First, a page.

Indeed, an MoD letter in December 1986 to Charles Powell, the prime minister’s foreign affairs adviser, informed him that “Mr Weinberger has offered us a chance to purchase the current US aircraft but we have replied that we would not wish to actually buy hardware while the programme remains strictly black [secret].

After the first offer was rejected a modified version of the baseline F-117 was reportedly offered to the UK’s Royal Air Force in 1995.

Believed to be dubbed F-117C, the British variant, was planned to be equipped with “B-2 type intakes, a F-22 type clear-view canopy, British avionics, F414 or EJ200 engines, plus a number of BAE structural components or sub-assemblies.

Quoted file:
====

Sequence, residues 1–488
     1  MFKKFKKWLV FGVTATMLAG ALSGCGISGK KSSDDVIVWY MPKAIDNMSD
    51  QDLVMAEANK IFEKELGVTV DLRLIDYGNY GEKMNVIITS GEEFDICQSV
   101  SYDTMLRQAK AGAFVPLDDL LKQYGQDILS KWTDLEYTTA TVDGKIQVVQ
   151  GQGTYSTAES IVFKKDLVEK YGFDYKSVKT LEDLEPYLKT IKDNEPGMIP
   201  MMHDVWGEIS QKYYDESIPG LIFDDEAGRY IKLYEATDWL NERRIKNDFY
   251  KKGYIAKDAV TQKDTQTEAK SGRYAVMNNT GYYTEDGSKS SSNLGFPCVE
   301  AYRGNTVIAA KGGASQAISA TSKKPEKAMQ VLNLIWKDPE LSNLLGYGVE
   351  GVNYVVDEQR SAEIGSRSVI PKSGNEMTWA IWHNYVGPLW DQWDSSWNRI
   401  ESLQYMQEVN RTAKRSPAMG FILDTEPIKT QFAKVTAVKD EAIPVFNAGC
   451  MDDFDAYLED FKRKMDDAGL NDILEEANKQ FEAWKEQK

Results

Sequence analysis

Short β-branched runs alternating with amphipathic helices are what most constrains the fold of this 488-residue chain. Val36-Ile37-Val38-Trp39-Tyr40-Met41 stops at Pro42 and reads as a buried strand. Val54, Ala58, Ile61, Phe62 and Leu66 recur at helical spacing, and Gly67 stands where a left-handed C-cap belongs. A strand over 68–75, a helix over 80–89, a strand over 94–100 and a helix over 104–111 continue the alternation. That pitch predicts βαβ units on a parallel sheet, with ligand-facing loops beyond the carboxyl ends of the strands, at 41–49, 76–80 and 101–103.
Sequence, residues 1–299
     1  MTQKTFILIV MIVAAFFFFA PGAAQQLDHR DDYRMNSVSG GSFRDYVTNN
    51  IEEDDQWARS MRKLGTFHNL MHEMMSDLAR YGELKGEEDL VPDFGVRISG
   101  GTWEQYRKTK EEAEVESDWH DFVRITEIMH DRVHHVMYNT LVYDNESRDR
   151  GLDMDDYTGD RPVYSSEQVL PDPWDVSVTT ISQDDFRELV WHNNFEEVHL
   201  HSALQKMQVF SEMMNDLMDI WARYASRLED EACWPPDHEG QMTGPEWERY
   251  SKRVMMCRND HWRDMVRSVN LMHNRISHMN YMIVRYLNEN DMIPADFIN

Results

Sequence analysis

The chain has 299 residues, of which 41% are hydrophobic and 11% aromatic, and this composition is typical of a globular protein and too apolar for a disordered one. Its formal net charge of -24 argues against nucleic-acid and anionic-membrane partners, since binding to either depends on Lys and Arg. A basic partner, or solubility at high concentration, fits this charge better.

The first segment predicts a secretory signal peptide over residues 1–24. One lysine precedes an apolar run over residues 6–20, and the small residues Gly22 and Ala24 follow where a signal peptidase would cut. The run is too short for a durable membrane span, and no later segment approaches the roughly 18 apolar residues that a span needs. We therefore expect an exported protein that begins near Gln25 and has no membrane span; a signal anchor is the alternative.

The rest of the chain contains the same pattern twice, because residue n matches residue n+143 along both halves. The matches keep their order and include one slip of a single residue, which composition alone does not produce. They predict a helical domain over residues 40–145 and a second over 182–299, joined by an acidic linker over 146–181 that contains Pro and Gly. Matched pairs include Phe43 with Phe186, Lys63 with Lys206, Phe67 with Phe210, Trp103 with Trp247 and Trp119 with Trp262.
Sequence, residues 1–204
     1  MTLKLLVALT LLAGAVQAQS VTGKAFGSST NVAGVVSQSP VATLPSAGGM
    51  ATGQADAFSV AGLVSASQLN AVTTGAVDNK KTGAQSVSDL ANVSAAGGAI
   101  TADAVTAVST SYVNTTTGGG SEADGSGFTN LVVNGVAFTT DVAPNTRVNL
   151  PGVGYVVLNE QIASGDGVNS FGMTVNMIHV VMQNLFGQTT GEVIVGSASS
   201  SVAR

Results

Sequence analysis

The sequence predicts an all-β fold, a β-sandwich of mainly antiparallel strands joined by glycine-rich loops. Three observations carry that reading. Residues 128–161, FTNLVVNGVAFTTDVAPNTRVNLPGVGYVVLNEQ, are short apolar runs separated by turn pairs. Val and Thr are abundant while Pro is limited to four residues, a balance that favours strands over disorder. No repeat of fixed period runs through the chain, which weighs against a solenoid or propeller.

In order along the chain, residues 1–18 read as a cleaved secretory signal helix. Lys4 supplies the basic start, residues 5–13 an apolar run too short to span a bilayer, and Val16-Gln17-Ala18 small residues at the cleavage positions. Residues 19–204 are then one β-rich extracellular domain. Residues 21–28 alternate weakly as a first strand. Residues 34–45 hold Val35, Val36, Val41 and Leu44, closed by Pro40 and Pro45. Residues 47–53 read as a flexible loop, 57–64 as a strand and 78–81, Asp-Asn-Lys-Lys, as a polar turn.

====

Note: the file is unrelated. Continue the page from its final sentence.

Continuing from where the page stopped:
The aircraft, also referred to as the F-117A+ or F-117B (B for “British”) was being offered as a replacement for the Tornado GR4 and it is believed that this was the reason why some RAF pilots eventually flew the Nighthawk stealth jet before it was (somehow) retired in 2008.

Even though the stealth technology that made the F-117 invisible to radars was cutting edge back in the mid-80s, the Tornado GR4 has been a pretty successful weapon system that the Royal Air Force has extensively used in combat in all the conflicts and crisis support operations it has taken part in the last 20 years.

Meanwhile the first UK’s stealth has eventually arrived in the form of a much controversial Lockheed Martin F-35 Lightning II.